The Warriors have rest of NBA scrambling, shuffling, trading, posturing

OAKLAND -- For the Warriors, the NBA Draft was about two things: Waiting for the right time to buy the rights to a player they love and being entertained, for the fourth consecutive day, by the earnest efforts of the league’s underclass.

Not that they would put it quite so impolitely.

“It’s a competitive league. All we do is try to get better,” president/general manager Bob Myers said late Thursday night, insisting that the Warriors are too immersed in their own challenges to look down their noses at the other 29 teams.

But the truth is inescapable. This is the week that touched off the flailing of franchises feeling particularly feeble and futile in the wake of Warriors destructive run through the postseason.

The Warriors were 16-1, the best record in NBA postseason history. Their average win margin, 13.5 points, is No. 2 all time. They demolished LeBron James and the Cavaliers in The Finals, after the Cavs had annihilated all comers in the Eastern Conference. Part III of The Trilogy was by far the most lopsided.

And the Warriors followed that up by buying a second-round pick to get, by most accounts, a first-round talent in Oregon’s Jordan Bell.

[POOLE: Warriors stay ready, strike gold amid the 2017 NBA Draft scramble]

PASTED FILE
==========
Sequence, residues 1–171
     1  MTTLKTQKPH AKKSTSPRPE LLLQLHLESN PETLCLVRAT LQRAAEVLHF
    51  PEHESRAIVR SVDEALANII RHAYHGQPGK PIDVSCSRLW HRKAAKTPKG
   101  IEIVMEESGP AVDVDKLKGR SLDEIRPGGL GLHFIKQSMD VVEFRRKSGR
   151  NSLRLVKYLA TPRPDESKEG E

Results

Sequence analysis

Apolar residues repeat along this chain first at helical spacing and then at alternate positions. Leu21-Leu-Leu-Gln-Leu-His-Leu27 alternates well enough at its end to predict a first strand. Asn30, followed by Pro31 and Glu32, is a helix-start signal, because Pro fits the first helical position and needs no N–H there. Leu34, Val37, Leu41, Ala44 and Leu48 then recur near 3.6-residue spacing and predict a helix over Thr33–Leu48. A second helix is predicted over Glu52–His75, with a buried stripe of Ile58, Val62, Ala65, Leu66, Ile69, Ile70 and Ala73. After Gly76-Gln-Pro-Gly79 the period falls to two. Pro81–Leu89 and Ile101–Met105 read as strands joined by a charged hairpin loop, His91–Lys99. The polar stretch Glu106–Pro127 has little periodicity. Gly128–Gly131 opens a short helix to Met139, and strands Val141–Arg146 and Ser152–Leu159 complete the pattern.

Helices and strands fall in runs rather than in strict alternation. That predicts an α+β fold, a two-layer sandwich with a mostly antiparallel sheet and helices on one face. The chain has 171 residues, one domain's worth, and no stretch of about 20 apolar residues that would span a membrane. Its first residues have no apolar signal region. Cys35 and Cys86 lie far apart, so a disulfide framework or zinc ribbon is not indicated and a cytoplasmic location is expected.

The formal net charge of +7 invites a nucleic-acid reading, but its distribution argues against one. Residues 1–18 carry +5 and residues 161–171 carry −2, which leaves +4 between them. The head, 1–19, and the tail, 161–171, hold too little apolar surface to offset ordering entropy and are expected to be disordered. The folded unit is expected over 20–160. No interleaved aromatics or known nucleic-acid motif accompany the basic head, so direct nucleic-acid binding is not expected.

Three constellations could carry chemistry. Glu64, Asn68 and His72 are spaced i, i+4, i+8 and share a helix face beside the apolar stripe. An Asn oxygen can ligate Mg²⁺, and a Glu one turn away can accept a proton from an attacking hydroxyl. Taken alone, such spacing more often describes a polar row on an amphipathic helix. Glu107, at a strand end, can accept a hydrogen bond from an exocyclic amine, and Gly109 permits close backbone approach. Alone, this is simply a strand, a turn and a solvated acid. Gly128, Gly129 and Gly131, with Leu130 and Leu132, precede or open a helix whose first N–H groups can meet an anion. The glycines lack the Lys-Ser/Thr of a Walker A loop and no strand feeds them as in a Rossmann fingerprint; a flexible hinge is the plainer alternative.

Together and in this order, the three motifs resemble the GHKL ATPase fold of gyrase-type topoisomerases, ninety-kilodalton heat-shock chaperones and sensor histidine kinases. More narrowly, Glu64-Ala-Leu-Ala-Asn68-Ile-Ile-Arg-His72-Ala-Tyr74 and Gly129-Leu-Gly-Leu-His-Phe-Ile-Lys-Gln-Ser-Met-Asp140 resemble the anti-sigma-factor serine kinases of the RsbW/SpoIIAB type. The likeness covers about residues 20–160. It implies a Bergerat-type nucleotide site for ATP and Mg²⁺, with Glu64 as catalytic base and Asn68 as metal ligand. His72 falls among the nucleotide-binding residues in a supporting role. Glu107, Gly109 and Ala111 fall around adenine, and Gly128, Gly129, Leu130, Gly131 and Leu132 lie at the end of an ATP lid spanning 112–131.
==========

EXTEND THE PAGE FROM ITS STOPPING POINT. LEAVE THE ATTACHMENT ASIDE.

The rest of the league is determined to fight back and, therefore, is scrambling and shuffling and trading and posturing in an effort to close the gap on the champs. Those teams, staring up at the Warriors, have to do something to feel productive today while trying to keep their fans from giving up on tomorrow.

No team did more draft-night hustling than their neighbors in Sacramento, who after using their No. 5 pick to select the player they coveted most, Kentucky point guard De’Aaron Fox, traded the No. 10 overall pick to Portland for Nos. 15 and 20, choosing North Carolina forward Justin Jackson and Duke forward Harry Giles.

The 76ers chose Markelle Fultz, believing he is the final piece to assembling the best young team in the East. The folks in Philly, who avoided the team for nearly a decade, suddenly are on board, buying 14,000 season tickets -- a franchise record.

The Lakers grabbed UCLA’s Lonzo Ball, who will generate an enthusiasm missing at Staples Center since the best days of Kobe Bryant.

The Timberwolves and Bulls completed a major trade, with Minnesota getting All-Star guard Jimmy Butler in exchange for guards Zach LaVine and Kris Dunn, with the teams also swapping draft picks.